" Doctor Oh: This is by design, as the memory and processor speed is limited. The ePub (most use the Adobe Digital Editions) engine requires the epub to be in chunks smaller than 300k. To be safe calibre uses 260k as the guide. If the chucmk ends up above 300k many readers will lock-up."
Thanks. This confirms something I read somewhere. I have no problem with this generally, although I would like to avoid it, if I could.
"Use Sigil and manually insert breaks at the end of chapters. As long as the chapters are less than 300k you will be fine."
Doppelganger recommended sigil as well, but I cannot get it to build on Fedora 17. It has a problem finding the boost libraries when linking. I'll post on sigil's forums about that.
If I get that fixed I will be happy to try sigil... but I have no idea if it can be run from the command line. I have a large number of files to convert, which I am presently doing by script, not in the calibre gui.
There ARE no chapters. These are large single files.
Doppelganger stated "You can change the limit in epub output options". I am presently unable to see exactly where that can be done (noting that I am using convert from the command line. The man pages give me no joy on this point. Can someone give me a clue?
If I can change the limit, I will. Does anyone know if stanza and fbreader have the 300k limit problem?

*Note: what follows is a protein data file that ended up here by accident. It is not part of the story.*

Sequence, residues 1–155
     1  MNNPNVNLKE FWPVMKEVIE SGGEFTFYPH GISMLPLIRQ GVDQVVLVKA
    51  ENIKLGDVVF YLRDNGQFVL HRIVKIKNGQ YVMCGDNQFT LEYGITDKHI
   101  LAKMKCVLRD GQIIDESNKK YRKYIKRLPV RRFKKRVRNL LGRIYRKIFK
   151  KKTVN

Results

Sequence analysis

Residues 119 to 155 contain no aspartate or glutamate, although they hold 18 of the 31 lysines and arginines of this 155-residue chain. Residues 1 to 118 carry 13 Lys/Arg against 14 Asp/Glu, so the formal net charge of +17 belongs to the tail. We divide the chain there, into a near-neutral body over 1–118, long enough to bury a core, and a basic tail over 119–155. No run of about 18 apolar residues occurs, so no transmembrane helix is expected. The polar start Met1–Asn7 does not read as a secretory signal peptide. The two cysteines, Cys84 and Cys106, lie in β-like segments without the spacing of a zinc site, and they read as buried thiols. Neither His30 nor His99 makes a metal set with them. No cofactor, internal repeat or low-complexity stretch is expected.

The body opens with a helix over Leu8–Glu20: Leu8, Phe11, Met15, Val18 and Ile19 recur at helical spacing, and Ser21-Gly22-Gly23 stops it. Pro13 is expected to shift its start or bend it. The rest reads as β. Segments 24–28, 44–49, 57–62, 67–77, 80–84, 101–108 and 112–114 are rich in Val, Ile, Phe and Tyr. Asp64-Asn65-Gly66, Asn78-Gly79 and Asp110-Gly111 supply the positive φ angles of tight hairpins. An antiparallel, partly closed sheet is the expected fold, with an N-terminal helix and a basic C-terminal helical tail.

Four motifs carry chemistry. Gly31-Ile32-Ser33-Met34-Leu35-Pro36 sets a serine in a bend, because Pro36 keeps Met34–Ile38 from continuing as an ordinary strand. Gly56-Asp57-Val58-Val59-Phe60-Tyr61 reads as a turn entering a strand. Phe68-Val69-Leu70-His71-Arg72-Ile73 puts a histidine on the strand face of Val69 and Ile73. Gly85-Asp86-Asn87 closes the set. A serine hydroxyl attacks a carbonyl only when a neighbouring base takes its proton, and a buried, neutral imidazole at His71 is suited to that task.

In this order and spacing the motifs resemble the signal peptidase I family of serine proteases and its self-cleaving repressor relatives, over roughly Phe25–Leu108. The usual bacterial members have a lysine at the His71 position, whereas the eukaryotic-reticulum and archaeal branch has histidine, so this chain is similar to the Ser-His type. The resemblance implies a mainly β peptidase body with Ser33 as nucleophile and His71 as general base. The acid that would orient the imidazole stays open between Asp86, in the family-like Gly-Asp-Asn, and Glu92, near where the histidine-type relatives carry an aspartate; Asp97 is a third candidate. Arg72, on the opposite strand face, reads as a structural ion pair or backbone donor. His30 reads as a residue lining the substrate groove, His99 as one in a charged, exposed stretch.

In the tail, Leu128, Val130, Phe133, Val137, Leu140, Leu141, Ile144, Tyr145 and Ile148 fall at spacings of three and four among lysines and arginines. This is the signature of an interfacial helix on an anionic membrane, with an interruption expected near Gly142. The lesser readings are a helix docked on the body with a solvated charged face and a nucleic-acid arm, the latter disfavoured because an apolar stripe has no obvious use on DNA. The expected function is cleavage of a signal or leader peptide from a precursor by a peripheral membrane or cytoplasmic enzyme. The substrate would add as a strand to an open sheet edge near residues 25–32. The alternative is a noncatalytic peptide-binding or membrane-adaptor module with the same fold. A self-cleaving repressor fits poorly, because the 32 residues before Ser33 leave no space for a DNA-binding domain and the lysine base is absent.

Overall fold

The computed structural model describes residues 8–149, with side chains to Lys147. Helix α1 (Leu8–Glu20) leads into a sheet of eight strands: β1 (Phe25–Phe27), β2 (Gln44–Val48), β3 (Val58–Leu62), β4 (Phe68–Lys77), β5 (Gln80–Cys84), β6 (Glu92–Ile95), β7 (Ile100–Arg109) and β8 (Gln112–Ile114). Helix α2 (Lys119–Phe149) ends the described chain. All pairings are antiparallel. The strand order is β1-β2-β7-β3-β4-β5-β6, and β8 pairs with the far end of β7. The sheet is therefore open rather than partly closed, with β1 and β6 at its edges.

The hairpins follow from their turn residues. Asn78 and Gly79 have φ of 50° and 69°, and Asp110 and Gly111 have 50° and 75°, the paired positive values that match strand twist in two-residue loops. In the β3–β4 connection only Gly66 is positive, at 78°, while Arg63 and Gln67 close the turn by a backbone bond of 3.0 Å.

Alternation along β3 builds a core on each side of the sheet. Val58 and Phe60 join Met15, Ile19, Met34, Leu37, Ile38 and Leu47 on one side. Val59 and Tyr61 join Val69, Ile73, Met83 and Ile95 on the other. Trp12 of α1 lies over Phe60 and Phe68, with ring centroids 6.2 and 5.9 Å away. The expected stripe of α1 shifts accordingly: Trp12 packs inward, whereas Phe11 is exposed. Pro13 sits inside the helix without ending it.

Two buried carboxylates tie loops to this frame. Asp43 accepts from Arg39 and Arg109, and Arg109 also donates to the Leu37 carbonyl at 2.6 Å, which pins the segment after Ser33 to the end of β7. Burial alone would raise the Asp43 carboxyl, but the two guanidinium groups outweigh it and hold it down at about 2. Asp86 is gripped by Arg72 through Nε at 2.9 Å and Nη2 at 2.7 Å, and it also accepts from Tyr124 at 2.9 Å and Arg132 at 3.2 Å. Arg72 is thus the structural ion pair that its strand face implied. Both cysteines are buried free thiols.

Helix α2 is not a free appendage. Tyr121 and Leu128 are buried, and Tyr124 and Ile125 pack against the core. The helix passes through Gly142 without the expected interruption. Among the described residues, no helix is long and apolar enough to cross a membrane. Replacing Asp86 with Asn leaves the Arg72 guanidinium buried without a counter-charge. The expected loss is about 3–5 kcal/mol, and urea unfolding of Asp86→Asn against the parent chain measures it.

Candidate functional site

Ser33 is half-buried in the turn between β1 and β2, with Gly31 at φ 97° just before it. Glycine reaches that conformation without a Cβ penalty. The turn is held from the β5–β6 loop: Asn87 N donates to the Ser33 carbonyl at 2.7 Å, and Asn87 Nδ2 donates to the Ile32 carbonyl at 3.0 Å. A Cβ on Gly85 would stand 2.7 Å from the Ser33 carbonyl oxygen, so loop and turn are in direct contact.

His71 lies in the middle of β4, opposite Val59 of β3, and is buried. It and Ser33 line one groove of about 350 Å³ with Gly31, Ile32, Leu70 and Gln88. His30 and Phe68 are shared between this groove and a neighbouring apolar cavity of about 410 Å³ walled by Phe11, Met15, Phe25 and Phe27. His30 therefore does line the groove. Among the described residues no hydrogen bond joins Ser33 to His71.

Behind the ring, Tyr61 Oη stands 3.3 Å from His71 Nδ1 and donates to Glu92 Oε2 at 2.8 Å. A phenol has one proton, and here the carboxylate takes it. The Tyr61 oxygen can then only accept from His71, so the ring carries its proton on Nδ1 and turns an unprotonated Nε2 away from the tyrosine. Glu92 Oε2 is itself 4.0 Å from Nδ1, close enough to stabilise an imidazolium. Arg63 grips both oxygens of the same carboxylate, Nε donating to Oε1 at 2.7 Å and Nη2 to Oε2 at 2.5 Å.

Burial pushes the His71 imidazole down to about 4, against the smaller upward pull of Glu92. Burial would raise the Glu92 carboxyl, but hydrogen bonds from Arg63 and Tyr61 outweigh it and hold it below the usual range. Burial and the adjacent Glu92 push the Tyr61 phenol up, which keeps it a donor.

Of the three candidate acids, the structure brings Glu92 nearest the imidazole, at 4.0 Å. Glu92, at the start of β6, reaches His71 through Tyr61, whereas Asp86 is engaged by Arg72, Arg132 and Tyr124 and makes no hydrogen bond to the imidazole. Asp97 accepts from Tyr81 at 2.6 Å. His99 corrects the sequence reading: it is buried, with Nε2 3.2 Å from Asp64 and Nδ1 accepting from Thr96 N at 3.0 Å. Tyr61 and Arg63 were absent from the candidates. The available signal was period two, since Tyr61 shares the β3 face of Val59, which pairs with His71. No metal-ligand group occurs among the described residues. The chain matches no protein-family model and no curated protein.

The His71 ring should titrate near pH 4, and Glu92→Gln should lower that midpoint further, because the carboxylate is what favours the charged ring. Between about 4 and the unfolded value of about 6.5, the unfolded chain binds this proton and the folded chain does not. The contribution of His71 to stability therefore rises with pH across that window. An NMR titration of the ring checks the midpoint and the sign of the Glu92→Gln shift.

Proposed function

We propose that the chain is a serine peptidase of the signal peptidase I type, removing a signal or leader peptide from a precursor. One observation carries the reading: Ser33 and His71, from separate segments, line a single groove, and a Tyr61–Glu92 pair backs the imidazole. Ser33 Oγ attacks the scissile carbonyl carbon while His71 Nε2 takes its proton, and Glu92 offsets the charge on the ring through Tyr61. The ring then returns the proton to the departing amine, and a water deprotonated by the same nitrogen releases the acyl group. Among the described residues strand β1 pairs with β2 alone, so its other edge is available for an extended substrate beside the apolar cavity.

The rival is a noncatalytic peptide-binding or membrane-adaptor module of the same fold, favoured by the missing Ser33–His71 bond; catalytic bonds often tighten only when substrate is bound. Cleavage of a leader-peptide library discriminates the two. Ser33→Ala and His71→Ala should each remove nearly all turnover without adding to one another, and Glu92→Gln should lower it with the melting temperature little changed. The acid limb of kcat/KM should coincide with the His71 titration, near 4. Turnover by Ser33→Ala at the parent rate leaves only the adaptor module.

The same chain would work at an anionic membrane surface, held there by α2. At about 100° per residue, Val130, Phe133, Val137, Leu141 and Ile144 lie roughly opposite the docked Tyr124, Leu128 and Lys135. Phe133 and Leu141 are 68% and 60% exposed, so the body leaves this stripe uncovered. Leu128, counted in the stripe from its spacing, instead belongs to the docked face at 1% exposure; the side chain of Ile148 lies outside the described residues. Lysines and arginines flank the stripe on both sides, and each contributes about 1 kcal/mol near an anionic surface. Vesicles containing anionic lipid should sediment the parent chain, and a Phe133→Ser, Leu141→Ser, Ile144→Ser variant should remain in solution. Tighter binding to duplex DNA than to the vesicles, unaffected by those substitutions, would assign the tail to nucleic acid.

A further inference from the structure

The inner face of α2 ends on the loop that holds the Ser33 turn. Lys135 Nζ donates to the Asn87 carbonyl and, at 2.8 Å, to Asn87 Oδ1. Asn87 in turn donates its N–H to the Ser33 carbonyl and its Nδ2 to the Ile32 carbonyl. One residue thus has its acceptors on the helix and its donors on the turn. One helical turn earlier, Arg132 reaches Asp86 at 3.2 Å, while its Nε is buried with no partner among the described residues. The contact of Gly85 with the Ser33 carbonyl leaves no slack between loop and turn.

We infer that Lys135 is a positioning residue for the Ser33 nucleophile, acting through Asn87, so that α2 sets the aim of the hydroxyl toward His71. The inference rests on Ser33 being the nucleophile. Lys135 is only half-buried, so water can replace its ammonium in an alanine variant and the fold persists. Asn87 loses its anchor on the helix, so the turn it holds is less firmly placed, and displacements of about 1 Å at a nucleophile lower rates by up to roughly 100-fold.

"There is nothing in calibre that will cause this to happen. The original html needs to be examined closer to see exactly how the font info is applied."
Well it IS happening and there are no font directive changes at the break points. That's why the change is so weird/annoying.
"The sections do not have their own default. The css controls all aspects of the epub the same way css controls the html. Make sure your original css is correct."
I'm not actually *using* css. I just pushed some (I know, now deprecated) html font size directives at the top. I can create a 'standard.css' file and call that instead of putting in html, but I fail to see how/why that would be different *unless* the convert code remembers that there is a css directive file, and *re-loads* the css.
Can anyone confirm/deny this?
"You might get better guidance from the folks in the Sigil forum."
Hope so! As noted, I already have a problem getting sigil to compile.
I think I need it! None of this is fatal but it is annoying.